The punctuated spiral

Contributed by
Jun 8, 2011
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Cosmic coincidences always make me smile. The sky is pretty big, so finding two totally unrelated objects close together doesn't happen often. But it does happen, like in this delightful image of the spiral galaxy NGC 3244 and the star TYC 7713 527-1:

This reminds me of another cosmic photobomb involving a star and a galaxy, but in this one the contrast isn't quite so severe. The two objects seen here are unrelated; TYC 7713 is in our galaxy, while NGC 3244 is something like 100 million light years away. Maddeningly, I can't find the distance to the star, so I can't give you an exact ratio (I know it's reddish, and a magnitude of about 10.2, but that could mean it's an orange/red dwarf 100 light years away or a red giant 10,000 light years distant). Still, it's way way closer to us than the galaxy. A millionth the distance? Maybe.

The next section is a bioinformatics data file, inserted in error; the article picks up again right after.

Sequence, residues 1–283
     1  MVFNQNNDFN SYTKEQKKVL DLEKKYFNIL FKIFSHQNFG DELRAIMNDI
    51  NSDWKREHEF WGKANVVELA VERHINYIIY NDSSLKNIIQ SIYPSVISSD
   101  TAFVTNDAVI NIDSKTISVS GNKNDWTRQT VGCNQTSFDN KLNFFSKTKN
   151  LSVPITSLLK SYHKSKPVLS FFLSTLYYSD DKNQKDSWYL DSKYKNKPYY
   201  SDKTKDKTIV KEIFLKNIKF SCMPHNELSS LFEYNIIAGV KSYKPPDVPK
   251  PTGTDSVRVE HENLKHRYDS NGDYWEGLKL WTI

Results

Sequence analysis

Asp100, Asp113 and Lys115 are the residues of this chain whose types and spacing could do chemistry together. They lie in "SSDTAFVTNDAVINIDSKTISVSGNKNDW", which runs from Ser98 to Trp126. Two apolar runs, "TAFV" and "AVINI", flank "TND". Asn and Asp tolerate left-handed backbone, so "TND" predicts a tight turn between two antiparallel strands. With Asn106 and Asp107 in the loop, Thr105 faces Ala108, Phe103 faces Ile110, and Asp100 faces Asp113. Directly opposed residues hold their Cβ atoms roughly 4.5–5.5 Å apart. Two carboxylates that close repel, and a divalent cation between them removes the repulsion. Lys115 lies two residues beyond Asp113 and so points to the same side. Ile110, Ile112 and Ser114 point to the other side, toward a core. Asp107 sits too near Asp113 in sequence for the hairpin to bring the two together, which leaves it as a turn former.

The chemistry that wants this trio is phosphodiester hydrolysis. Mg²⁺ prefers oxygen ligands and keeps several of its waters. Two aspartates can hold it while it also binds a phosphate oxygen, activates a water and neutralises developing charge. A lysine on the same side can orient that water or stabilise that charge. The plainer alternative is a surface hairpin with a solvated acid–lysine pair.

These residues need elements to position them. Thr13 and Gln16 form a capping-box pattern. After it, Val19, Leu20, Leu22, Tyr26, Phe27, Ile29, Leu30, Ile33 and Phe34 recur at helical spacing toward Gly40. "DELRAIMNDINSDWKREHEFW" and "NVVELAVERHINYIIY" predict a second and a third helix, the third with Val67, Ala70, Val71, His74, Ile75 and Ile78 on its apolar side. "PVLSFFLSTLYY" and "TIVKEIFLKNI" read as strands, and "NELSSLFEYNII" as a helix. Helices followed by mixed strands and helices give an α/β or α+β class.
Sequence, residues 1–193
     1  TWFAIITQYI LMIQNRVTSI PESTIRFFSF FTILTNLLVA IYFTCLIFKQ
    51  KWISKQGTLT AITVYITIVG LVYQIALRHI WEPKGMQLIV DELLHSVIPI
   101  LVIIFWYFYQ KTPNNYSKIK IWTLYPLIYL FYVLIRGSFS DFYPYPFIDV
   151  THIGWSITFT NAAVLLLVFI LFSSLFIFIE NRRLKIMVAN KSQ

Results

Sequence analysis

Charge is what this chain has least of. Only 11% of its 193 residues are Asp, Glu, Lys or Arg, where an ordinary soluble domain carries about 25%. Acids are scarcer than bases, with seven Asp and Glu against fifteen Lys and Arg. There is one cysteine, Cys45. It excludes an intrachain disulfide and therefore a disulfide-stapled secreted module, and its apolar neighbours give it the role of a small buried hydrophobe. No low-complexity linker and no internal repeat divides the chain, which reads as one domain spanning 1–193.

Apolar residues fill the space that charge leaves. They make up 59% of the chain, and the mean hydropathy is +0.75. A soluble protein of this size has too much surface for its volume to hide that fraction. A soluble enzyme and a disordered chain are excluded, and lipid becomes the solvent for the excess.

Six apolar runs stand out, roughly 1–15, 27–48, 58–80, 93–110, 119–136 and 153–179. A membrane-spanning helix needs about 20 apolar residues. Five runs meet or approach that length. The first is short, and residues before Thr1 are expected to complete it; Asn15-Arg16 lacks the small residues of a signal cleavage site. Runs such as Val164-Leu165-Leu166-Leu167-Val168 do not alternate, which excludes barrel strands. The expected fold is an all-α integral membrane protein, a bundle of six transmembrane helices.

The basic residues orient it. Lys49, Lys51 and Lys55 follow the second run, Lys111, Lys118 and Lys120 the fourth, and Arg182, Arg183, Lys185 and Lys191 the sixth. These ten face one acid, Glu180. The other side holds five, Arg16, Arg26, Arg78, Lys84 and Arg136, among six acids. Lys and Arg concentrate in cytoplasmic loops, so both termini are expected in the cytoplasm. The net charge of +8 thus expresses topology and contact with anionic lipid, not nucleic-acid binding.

The galaxy is pretty nice; a nearly perfectly face-on spiral. I noticed it's a bit lopsided, with one arm poking out a bit. Those clumps along the arm are regions of active star formation, and the dust lanes are clear too. Not bad for a galaxy a mere 2 arcminutes across in size -- compare that to the Moon, which is 15 times larger in the sky! In real size, it's not terribly big as galaxies go: about 25,000 light years across, only a quarter of the size of our galaxy.

In the press release linked above, it says this image was taken "with the help of" Václav Klaus, President of the Czech Republic, who was visiting the Very Large Telescope at the time. I wonder what his involvement was -- it's fun to think of the country's leader using a joystick to swoosh and zoom the 'scope. Still, it's very nice indeed to see a major Head of State paying attention to science. Especially when it's astronomy, and involved such a lovely image.

Related posts:

- Hubble snaps a cosmic photobomb
- The belch of a gassy galaxy
- The Milky Way's (almost) identical twin
- Revisiting the Whirlpool